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An unconventional novel which engages grand and glorious themes on an intimate, human scale. Longlisted for the Orange Prize for Fiction.
Elizabeth Knox is the author of five books, including the international success Black Oxen, but The Vintner's Luck was the first to be published outside her native New Zealand. It met great critical and popular success, was longlisted for the Orange Prize and turned into a film in 2009. She is married and lives with her family in Wellington.
This imaginative story of the lifelong love between a man and an angel is the first of Knox's five books to appear outside her native New Zealand. In Burgundy one midsummer night in 1808, Sobran Jodeau, then 18, climbs to the ridge of his father's lands with two freshly bottled wines to lament his love troubles. Stumbling drunkenly, he is caught by the angel Xas, who smells of snow and describes himself "of the lowest of the nine orders. Unmentioned in Scripture and Apocrypha." They share the bottles, and Xas promises that this night next year he will toast Sobran's marriage‘leading Sobran to believe Xas is his protector and guide. Sobran marries the woman whose family strain of insanity his father fears, marches with the Grand Army to Moscow, inherits his father's vineyards and begins to prosper under his angelic "luck." However, Xas proves far different from a guardian angel, and as years pass (the meetings on midsummer eve continue, with some exceptions, to 1863) their attachment shifts, severs then mends, as Xas's complicated relationship with God and Lucifer gradually unfolds. Each year's meeting constitutes one chapter, titled with the name of a wine, from 1808, Vin Bourro (new wine), to 1863, Vinifie (to turn into wine). This by-annum structure makes possible a number of intriguing plot turns but prohibits a smooth narrative flow. Most intriguing are the glimpses we get of Hell, which Xas reveals is entered through a salt dome in Turkey, and Heaven, accessible through the lake of an Antarctic volcano. In Hell there is one copy of everything ever written, but in Heaven angels are the only copies God tolerates‘copies of man, who is in turn the copy of a woman. And Heaven, we learn in a clever epilogue dated 1997, looks like the Titanic. While this conception of an alternate universe is the novel's significant achievement, Knox's failure to convey a fully realized narrative voice (except in the portions where the characters write letters to each other) may leave the reader feeling impressed but not totally enthusiastic. (Dec.)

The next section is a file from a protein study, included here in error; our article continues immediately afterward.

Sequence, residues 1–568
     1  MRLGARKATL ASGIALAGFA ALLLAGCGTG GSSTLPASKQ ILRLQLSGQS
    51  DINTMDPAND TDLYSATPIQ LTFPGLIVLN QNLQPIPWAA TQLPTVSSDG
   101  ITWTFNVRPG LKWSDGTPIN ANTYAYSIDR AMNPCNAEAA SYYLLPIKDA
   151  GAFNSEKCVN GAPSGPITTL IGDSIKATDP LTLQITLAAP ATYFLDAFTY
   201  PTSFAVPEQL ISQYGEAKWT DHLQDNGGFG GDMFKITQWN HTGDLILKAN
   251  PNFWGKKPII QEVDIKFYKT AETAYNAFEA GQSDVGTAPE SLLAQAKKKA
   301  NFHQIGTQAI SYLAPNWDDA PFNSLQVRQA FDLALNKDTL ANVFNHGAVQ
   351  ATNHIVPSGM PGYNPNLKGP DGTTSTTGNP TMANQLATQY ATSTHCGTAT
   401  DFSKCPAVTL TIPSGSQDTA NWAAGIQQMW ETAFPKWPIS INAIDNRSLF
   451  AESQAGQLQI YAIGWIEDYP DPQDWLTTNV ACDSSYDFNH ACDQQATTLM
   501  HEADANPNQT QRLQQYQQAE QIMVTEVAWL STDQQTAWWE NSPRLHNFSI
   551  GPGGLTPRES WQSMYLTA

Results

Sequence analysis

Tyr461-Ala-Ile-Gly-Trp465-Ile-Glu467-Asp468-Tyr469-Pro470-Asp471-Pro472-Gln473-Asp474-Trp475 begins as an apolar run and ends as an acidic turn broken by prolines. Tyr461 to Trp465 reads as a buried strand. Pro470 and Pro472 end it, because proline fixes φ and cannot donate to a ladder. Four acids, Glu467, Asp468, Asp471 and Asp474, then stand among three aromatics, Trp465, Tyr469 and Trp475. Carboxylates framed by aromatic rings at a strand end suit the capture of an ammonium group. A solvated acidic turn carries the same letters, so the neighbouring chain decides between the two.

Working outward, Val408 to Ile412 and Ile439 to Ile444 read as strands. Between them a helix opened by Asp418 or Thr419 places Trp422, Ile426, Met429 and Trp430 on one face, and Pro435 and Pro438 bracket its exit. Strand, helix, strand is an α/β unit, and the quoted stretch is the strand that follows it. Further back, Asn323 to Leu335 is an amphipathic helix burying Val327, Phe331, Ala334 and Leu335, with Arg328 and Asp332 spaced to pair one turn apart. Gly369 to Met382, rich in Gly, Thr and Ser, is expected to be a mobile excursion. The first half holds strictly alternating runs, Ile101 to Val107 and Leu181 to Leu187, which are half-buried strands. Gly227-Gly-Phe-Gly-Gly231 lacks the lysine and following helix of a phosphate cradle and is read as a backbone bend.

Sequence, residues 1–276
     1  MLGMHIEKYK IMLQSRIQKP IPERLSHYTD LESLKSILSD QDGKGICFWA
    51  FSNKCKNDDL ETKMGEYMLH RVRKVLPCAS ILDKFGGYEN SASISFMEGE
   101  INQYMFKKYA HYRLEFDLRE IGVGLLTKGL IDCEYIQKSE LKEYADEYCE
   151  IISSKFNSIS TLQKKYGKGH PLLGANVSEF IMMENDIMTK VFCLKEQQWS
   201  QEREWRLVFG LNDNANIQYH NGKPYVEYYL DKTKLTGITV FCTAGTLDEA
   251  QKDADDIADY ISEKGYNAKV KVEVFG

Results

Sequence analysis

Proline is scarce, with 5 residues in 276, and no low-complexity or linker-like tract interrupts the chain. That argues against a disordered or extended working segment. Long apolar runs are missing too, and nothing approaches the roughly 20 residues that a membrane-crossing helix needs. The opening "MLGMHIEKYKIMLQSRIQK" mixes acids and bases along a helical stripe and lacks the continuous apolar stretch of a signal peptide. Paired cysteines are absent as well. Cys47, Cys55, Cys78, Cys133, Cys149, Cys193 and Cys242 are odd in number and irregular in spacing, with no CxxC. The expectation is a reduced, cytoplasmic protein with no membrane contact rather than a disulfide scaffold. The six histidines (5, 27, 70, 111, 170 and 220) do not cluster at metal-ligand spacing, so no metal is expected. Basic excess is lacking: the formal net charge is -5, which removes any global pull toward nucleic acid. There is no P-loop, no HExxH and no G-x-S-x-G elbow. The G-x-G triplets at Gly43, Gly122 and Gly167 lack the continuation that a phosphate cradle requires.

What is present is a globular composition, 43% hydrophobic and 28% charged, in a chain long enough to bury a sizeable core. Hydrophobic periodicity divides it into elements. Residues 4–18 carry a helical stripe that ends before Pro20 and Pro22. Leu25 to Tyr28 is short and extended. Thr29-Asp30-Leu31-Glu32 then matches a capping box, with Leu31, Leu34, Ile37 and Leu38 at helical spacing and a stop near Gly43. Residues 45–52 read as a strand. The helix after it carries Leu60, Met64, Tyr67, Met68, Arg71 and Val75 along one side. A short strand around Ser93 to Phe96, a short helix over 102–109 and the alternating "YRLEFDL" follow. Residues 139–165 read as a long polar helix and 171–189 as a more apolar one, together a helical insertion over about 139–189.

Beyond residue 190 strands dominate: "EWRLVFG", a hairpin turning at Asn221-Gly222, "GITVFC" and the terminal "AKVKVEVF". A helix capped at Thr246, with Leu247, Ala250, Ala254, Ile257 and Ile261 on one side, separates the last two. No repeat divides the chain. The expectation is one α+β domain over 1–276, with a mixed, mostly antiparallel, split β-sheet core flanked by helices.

"This is a gorgeous novel: as fine, rich, satiny and unpredictable as the vintages that it describes" * The Times * "Ms Knox's philosophical scheme defies brief summary: like a witty, post-modern Milton, she rewrites the Christian myth and the whole cosmology of "Paradise Lost"" * Economist * "A beautifully written exploration of the inexplicable, into which is woven an all-too-human chronicle of burning desire, violence, murderousness, bitter jealousy, curiosity, sexual deviations, shame and a fidelity of a sort" * The Times * "Knox comprehends the irredeemable sadness of loss and, more than any writer I have read for years, manages to touch the heart by paring sophistry and digression from the essential cores of her characters. Beautifully written, The Vintner's Luck possesses a complex bouquet of conceits and ideas but it is the simplicity of Elizabeth Knox's writing that in the end draws out the savour of human experience and compassion" * Independent on Sunday * "Angelic writing and inspired structure" * Guardian *